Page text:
"Is there anywhere in town my brother and I can stay for a couple of days?" Ed motioned back to indicate Al, who waved.
"We don't get many travelers, young man. The best you'll probably manage is asking one of the farmers if you can camp in their cowshed. I suppose Mister Stewart might have a spare room." The woman frowned.
"Who's Mister Stewart?" Ed asked.
"The shopkeeper. His house is down the road a piece." She motioned with her hand.
"Ruth? Who's at the door?" A woman's voice came from inside.
"Travelers. A boy and a man in armor," the old woman, apparently Ruth, said.
"I'm thirteen." Ed said indigently. "And Al's my younger brother." He saw Al nod out of the corner of his eye.
"Really?" Ed heard the sound of a chair scraping across the floor, then footsteps. Another woman stuck her head out the door. She stared at Al and him. Ed stared back. She was younger-looking than Ruth, and probably Xingese from her looks. Her clothing looked a little less shabby than the old woman's, though there were still the marks of mud stains around her trousers. "Tell me, kid, would you happen to be the Fullmetal Alchemist?"
"If you know that much, you'd know not to call me 'kid'." Ed said.
"A State Alchemist, here?" Ruth took a step back. "We're not much of a town at all, why would the military send someone out here?"
"Probably to take what little this place has left," the other woman said.
"I don't want to take anything!" Ed protested. This better not end up like Youswell all over again -- sure, that had worked out for the best, but having to earn the trust of the people and carry out his orders had been more work than he'd expected. He'd hoped that his reputation had carried far enough and strong enough that there wouldn't be as much suspicion towards a dog of the military.
"I think I've heard of the Fullmetal Alchemist," Ruth said thoughtfully. "He's supposed to be different than most of the military -- someone who actually serves the people."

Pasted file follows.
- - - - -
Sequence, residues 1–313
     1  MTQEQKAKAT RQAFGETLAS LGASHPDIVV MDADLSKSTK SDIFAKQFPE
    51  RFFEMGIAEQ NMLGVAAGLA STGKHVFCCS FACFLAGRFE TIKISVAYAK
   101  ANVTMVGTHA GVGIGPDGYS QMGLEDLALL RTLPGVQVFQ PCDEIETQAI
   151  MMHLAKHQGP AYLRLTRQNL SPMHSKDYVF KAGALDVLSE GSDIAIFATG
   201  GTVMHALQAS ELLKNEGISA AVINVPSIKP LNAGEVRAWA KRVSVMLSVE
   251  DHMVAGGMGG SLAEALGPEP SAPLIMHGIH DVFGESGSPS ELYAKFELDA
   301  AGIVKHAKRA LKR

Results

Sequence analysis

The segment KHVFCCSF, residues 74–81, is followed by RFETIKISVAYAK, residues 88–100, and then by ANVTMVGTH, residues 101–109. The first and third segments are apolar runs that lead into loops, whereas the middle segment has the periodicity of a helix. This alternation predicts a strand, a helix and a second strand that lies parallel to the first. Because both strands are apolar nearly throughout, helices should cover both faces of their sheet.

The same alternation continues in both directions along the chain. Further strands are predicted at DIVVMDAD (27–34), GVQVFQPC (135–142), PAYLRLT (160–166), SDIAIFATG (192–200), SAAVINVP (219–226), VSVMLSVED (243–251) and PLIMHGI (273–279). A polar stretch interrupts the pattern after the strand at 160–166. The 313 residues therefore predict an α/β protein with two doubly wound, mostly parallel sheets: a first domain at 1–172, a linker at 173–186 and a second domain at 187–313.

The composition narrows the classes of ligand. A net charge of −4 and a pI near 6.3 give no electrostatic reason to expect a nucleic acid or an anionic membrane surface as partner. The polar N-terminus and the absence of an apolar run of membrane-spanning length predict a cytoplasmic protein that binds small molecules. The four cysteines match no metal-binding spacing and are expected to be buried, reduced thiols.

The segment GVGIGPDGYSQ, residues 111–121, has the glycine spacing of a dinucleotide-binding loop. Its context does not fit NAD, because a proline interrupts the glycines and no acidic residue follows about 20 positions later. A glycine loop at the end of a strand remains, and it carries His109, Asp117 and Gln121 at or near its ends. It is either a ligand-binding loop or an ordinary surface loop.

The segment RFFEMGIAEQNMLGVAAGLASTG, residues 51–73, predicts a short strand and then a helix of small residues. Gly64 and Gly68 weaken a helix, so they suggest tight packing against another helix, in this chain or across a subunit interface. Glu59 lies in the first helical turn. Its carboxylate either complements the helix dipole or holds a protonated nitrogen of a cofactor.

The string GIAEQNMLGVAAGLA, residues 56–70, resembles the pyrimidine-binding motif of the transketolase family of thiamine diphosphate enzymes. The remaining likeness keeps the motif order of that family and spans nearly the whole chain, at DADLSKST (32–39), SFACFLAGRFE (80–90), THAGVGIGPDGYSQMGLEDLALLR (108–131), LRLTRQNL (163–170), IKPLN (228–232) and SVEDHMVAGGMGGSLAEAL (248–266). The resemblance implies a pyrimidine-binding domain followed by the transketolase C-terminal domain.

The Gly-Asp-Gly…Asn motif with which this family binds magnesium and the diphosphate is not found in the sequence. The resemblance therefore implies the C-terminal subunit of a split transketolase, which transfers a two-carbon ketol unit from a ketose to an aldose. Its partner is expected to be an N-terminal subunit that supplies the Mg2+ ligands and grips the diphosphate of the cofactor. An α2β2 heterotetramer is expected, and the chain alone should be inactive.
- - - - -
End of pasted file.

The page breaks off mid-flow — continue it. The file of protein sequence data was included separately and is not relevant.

"That's my big brother," Al nodded.
"So, why are you here then, Fullmetal Alchemist?" the other woman asked.
"I'm looking for drug traffickers." Ed said simply.
He watched the two women, looking for a reaction. Ruth frowned, her hands clasped in front of her. The other woman looked even more angry, if such a thing was possible. "What are you implying there, kid? It isn't enough for the military to throw this town away when it stopped being useful, they have to-"
"Dora." Ruth spoke softly, but this alone was enough to stop her companion mid-rant. "Let's let the State Alchemist get along with his business, and we'll do the same."
Dora stood up, straightening her tunic. "Very well. If you need lodgings, try Mister Stewart, as Ruth said."
After the door closed, Al turned to his brother. "Well, that could have gone better."
"He was right, you know," Roy said. "It could have been handled better." He tried not to sigh. Edward and Alphonse had lost any innocence they had once had by now, between their mother's death, the failed transmutation, and the business with Shou Tucker. What had replaced it was not quite innocence, but the iron-bound determination and an almost-unwavering belief in both their ability to recover, and a set of principles Roy found admirable. And, it wasn't like Edward couldn't be clever.
"I thought that they seemed like decent people, so they should know the truth," Edward said. "I don't think they'd believe the normal reason Al and I travel -- the town's too small and poor for anyone to believe that I could find clues about the Stone."
"That honesty is going to get you into trouble someday, Fullmetal." Roy shook his head. The years have made me into a cynic. Never mind that I had to become one to get where I am -- decent men feed their hope or hearts to the military in order to survive. He wondered which would happen to Edward -- could he survive here, and could he keep the hope and compassion that were becoming as much a mark of the Fullmetal Alchemist as the blond hair and short stature? He had coped with Tucker, and coped with Lieutenant Yoki, but Roy suspected Edward still didn't know how deep things went. For that matter, Roy himself wasn't even sure. "What did you think of William Stewart?"
"When I met him?" Edward asked.
"Yes, let's start with that."
Ed chuckled. "I didn't like him much. When I went to his house, you know what I noticed?"
"What?" Roy asked, listening.
"Outside, it actually looked nearly new. Inside, as well. Nothing obvious, but it looked a lot less poor than the rest of the town. But, at first, I just thought he was some shopkeeper trying to gouge out every last cen from the townspeople. You know, the usual. I figured Al and I might as well impose on his hospitality -- he could afford to have a couple more people staying with him. Most of the rest of the town couldn't."